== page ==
Canada apologizes for turning away Nazi era ship of Jews

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…As Russian Navy Has No Replacement for Sunken Drydock***

Canadian Prime Minister Justin Trudeau formally apologized Wednesday on behalf of his nation for turning away a ship full of Jewish refugees trying to flee Nazi Germany in 1939.

The German liner MS St. Louis was carrying 907 German Jews fleeing Nazi persecution and it also had been rejected by Cuba and the United States. The passengers were forced to return to Europe and more than 250 later died in the Holocaust.

Trudeau called the apology long overdue.

Hitler “watched on as we refused their visas, ignored their letters and denied them entry,” Trudeau said in Parliament.

“There is little doubt that our silence permitted the Nazis to come up with their own, ‘final solution’ to the so-called Jewish problem.”

He said lawmakers at the time used Canadian laws to mask anti-Semitism.

“We let anti-Semitism take hold in our communities and become our official policy,” Trudeau said. “To harbor such hatred and indifference toward the refugees was to share in the moral responsibility for their deaths.”

In the run-up to World War II and the ensuing Holocaust, the government heeded anti-Semitic sentiment and severely restricted Jewish immigration. From 1933 to 1945, only about 5,000 Jewish refugees were accepted.

The ship arrived in Canada more than six months after the Nazis in Germany attacked Jewish homes and businesses, burned 250 synagogues and killed at least 91 people, on a night which came to be known as Kristallnacht, “The Night of Broken Glass.”

Before the apology, Trudeau met with Ana Maria Gordon, a St. Louis passenger who lives in Canada, to talk about how the country could fight anti-Semitism.

In the meantime, the Russian Navy does not have a domestic replacement with equivalent capacity for the giant floating drydock PD-50, which sank out from beneath the service’s only aircraft carrier last month.

According to United Shipbuilding Corporation CEO Alexei Rakhmanov, there are no other graving docks or floating drydocks in Russia with the capacity to handle the carrier, the aging Soviet-era vessel Admiral Kuznetsov.

The PD-50 was a key facility at the 82nd Shipbuilding Plant, located near the Northern Fleet’s home port of Murmansk. The floating drydock was commissioned in the early 1980s, the same era as the Kuznetsov, and it allowed the Soviet Navy to service the carrier and other large vessels without building a new drydock on site.

On October 30, while the Kuznetsov was in drydock for a deep overhaul, an electrical fault caused the PD-50’s ballasting system to malfunction, and its tanks filled asymetrically on the left (port) side. Its two cranes toppled over as it listed, and one of them landed on the Kuznetsov’s deck. The Kuznetsov floated free without further damage, but the PD-50 sank to the bottom, coming to rest in about 30-100 feet of water.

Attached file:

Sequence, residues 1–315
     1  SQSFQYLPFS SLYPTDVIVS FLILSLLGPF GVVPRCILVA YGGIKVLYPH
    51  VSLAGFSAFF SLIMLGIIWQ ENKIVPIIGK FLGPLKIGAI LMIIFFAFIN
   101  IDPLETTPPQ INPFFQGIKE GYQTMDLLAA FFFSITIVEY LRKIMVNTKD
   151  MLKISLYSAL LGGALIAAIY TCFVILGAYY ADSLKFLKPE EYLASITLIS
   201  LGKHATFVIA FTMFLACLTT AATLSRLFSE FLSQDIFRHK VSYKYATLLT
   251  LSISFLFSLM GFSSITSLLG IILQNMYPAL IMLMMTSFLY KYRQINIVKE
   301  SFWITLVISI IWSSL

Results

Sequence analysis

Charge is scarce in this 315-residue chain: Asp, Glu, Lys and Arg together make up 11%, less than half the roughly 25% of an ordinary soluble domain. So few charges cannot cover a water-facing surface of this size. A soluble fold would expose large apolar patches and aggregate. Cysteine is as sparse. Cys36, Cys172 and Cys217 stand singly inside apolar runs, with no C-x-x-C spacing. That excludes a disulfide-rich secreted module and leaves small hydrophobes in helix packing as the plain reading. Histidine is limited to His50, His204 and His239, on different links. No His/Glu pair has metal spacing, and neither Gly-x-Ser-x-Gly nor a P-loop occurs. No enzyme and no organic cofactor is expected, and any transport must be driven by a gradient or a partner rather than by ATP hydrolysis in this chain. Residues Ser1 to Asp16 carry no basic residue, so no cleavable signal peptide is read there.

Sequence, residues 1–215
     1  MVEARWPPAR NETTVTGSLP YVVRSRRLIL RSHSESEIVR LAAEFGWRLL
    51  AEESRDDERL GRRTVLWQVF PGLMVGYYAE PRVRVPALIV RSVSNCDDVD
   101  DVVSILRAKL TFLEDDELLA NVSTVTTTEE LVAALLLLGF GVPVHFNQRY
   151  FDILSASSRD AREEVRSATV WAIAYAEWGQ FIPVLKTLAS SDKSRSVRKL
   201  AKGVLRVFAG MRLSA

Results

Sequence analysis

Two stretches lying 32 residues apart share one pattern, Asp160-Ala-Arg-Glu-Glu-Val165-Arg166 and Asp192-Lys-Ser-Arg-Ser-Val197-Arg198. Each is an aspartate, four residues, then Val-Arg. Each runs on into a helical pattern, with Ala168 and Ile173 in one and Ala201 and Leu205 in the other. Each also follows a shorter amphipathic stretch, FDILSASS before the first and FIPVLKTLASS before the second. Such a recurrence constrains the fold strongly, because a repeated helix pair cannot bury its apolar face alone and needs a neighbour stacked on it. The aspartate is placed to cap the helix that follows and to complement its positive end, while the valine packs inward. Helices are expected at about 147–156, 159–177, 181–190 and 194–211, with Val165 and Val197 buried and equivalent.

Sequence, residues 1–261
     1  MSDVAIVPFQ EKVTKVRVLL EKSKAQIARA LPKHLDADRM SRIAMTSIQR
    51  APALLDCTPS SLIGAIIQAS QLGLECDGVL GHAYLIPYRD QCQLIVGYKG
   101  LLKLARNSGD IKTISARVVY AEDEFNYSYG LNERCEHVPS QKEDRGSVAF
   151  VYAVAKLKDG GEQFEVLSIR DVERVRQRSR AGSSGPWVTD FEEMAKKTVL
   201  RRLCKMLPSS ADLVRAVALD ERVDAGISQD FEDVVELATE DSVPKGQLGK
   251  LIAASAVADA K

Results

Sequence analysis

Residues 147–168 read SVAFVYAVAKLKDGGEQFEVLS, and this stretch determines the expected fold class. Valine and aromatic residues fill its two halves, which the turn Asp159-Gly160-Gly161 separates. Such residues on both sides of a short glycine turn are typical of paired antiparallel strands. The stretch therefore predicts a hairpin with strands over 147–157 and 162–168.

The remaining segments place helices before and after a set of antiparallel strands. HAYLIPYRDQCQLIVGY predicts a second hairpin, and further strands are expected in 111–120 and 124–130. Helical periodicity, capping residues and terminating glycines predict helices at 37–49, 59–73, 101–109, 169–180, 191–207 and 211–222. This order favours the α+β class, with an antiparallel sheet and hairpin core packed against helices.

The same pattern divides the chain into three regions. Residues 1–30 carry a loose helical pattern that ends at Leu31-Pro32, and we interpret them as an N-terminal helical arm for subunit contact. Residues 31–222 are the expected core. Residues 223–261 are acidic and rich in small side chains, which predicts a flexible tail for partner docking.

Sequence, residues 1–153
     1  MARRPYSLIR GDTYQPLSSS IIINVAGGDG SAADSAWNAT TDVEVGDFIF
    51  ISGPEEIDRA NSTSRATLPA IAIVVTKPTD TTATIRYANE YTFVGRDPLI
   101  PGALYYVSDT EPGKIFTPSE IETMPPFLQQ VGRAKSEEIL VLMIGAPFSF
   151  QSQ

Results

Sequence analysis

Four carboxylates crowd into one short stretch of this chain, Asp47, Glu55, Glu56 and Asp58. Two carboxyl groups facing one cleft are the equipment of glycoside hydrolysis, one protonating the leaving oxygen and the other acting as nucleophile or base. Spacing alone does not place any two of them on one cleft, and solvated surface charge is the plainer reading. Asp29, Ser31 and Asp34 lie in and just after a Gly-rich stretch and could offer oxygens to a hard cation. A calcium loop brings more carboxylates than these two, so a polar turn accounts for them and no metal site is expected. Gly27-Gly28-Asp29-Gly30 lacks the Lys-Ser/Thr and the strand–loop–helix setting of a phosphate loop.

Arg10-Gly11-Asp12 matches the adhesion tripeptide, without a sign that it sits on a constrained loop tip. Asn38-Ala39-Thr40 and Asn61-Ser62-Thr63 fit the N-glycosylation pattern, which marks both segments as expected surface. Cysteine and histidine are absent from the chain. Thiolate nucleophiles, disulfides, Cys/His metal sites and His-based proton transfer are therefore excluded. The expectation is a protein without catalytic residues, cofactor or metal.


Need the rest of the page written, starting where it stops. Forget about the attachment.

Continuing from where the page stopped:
Speaking to TASS, Rakhmanov expressed confidence that the loss of the drydock would not affect the maintenance and repair schedule for other Northern Fleet vessels. However, the Kuznetsov is a special case, he said. “As for the ships of the first rank, in the first place, this is the Admiral Kuznetsov, this creates certain inconveniences,” Rakhamov acknowledged. “We hope that the issue of the docking of first-rank ships will be resolved in the near future. We are also preparing several alternatives, about which we will report to the Industry and Trade Ministry.”

An attempt to refloat and restore the drydock is the likeliest option under consideration, but is likely to take at least six months, according to TASS. For now, the Kuznetsov has been moved to the 35th Ship Repair Plant in Murmansk. The crane from PD-50 damaged her deck plating upon impact, and in photos taken this week and released by Russian media, the crane’s wreckage remained on board, aft of the conning tower.

The Admiral of the Fleet of the Soviet Union Kuznetsov, best known as the Admiral Kuznetsov, is a 55,000 tonne, 1000-foot-long carrier commissioned in 1990. She was built at the Black Sea Shipyard in what is now Ukraine, the only yard in the former Soviet Union capable of delivering carriers. She has suffered from a series of breakdowns over the years, including an electrical fire that killed one sailor in 2009; an oil spill off Ireland the same year; a loss of propulsion in the Bay of Biscay in 2012; and an aircraft arresting gear failure in 2016.

On overseas deployments, Kuznetsov has historically traveled with a fleet tug in the event that her trouble-prone propulsion system should fail. Her deep overhaul at the 82nd Shipyard is intended to address this deficit, and it includes the replacement of her turbo-pressurized boilers. The Russian Navy hopes that the retrofit will be complete by 2021 and will extend Kuznetsov’s service life by another 25 years.

Fox News with additional report from Maritime Executive